In direct opposition to the wisdom of earlier, more enlightened civilisations on our planet that lauded and rewarded the cultivation of humane, altruistic outlooks on human social and economic interactions (holding them up as hallmarks of enlightenment) above all else, our crass American capitalistic ethic of unconstrained profiteering has completely thrown over any sense of conscionable restraint and concern over the broader (but perhaps subtle) effects of rampant economic exploitation of human weakness. Especially economic exploitation of immature human beings (juveniles not yet fully matured or adults who have never matured intellectually…the so-called ‘arrested adolescence’ syndrome that characterises so many individuals in our country) whose choices and tastes, by virtue of still being in a vulnerable formative phase, are easily manipulated.
While it is obvious (or should be, at least) that those who wield corporate power and influence in the audiovisual ‘entertainment’ media industry (i.e. Hollywood) have no qualms at all about the use of sleaze, prurient material, sexual titillation and ugly gender stereotyping to promote corporate profits, it is less obvious that proliferation of today’s leading edge communications science and technology has contributed just as significantly to the creation of our remarkably shallow contemporary American culture (obsessed as it is with youthful self-absorption, material consumption and instant gratification). Perhaps no better example of this terribly unhealthy influence may be seen than in the effects enabled by a new generation of personal communications and entertainment devices now coming into widespread use, that combine telephonic communication with entertainment capabilities (i.e. the internet, etc.).
Consumer goods of this type (such as the new Apple and Droid hand-held devices, to name just two out of many) of personal infotainment electronics contribute immeasurably to cultivating a vastly pervasive (if almost totally unconscious) sense in immature persons that they are completely and totally isolated within the highly insular and narrow world of their own perceptions. We see this on the streets today commonly, where every other person on the sidewalk shambles along in a distracted, disconnected and situationally unaware haze, all the while staring into a small hand-held device (specifically, ‘texting’ activity). Those that aren’t texting or staring intently at a small screen in their hands hold cell-phones up to their ears, holding animated conversations with unseen parties; or perhaps, thanks to wireless ‘Bluetooth’ devices, seem to be having conversations with themselves. Not too long ago, such individuals would have been immediately regarded as unpredictably, possibly dangerous schizophrenics and viewed by passers-by with mild apprehension. Now, it’s usually just another example of some completely self-absorbed individual talking to friends or colleagues in another locale on a personal communications device.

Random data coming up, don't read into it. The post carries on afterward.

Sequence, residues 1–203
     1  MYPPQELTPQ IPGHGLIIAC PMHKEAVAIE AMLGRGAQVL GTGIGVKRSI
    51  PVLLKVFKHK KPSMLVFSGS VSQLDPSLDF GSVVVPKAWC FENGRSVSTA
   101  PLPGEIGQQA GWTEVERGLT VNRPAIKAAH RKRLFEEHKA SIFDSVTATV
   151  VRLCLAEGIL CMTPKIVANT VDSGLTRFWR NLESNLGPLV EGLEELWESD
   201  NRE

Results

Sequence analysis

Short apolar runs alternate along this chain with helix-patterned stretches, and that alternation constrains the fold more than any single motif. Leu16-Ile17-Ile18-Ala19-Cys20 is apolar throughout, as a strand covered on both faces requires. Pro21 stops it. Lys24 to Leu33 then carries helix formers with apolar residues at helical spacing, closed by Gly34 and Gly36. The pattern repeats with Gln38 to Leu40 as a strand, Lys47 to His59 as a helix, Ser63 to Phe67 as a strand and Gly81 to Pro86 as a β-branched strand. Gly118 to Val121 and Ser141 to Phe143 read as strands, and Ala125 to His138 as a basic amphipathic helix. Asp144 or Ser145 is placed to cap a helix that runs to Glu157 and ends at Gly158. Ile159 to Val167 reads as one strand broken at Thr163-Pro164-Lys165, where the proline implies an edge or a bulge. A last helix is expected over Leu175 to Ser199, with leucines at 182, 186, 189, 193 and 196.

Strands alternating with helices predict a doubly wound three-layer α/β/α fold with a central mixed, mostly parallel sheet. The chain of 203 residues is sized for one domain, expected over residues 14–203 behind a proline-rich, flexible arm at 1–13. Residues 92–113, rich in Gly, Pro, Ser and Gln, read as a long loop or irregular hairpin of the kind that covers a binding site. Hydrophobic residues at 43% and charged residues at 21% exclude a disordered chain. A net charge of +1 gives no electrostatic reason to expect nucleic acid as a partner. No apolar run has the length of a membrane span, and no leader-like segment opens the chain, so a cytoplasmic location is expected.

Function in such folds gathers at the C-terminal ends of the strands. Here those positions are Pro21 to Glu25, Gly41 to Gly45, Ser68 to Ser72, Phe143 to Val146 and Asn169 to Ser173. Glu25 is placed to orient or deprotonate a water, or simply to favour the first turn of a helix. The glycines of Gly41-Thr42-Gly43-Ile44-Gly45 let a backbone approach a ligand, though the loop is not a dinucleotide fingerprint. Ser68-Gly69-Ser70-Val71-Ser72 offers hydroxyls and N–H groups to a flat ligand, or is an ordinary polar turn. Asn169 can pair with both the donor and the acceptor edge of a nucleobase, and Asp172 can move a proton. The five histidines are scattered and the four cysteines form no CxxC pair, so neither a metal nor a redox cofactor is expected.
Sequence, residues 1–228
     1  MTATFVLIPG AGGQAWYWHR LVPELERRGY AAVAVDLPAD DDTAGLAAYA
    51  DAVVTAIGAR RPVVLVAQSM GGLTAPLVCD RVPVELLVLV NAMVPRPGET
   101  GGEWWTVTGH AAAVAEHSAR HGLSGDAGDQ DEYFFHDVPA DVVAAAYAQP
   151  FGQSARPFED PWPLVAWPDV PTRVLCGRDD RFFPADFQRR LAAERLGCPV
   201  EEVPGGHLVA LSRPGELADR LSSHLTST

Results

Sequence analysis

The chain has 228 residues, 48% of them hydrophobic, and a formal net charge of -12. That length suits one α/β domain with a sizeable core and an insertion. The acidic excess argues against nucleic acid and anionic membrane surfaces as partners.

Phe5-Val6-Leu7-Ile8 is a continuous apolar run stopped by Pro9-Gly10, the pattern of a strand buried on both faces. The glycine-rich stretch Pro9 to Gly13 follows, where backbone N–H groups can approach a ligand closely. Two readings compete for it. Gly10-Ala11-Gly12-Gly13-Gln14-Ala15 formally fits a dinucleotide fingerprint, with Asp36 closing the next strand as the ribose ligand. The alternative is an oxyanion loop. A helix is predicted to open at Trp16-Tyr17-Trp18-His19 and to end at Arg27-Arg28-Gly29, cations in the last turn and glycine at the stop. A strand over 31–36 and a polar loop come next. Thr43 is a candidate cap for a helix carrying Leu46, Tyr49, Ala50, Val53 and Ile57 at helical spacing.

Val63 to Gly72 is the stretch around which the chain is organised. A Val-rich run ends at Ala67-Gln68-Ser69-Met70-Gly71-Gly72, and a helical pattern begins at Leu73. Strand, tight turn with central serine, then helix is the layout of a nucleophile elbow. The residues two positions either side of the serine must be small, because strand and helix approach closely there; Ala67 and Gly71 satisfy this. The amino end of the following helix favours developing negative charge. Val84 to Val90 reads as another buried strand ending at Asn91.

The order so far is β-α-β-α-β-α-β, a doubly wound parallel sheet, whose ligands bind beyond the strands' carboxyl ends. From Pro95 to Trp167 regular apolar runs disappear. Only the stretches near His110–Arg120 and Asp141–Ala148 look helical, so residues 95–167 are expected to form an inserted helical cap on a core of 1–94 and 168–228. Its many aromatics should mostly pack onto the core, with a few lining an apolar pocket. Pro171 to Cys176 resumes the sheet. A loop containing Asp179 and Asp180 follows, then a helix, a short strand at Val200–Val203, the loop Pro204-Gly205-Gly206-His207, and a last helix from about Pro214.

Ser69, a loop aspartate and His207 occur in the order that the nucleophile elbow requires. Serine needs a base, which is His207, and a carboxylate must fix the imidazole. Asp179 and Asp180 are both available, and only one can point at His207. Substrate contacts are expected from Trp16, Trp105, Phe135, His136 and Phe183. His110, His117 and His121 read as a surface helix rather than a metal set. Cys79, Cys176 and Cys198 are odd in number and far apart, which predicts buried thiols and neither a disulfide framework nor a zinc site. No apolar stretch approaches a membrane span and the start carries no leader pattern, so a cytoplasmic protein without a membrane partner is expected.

As I have observed repeatedly in the past, this effort by commercial business interests to turn the masses of our population into highly conditioned, uncritically reflexive consumers of material products is rarely criticized and almost never commented upon in ‘normal’ social intercourse among ordinary individuals. This is partly due to the fact that we Americans have been so massively conditioned to consider our American way of life as completely perfect in and of itself, from our earliest years onwards. The thought that there might be something terribly, tragically wrong with the whole basis of our culture is therefore virtually unthinkable. While America as a nation is inarguably a courageous and enlightened experiment in striving to create creating an equitable social, political and economic society that encourages each individual to reach his or her highest level of personal potential, the fact is that circumstances have now changed so radically (thanks largely to incipient perversion of our economy’s business ethics) that we have become virtual slaves to an empty promise we have been told is the source of enormous ultimate fulfillment. That ‘empty promise’ is that happiness and fulfillment are the product of endless consumption of material products and the conditioning that has enabled this foregone conclusion to exist at the core of all American endeavor begins from the moment of birth. For any literate and well-read person, Orwell’s ‘1984’ and Huxley’s ‘Brave New World’ should immediately flash into mind.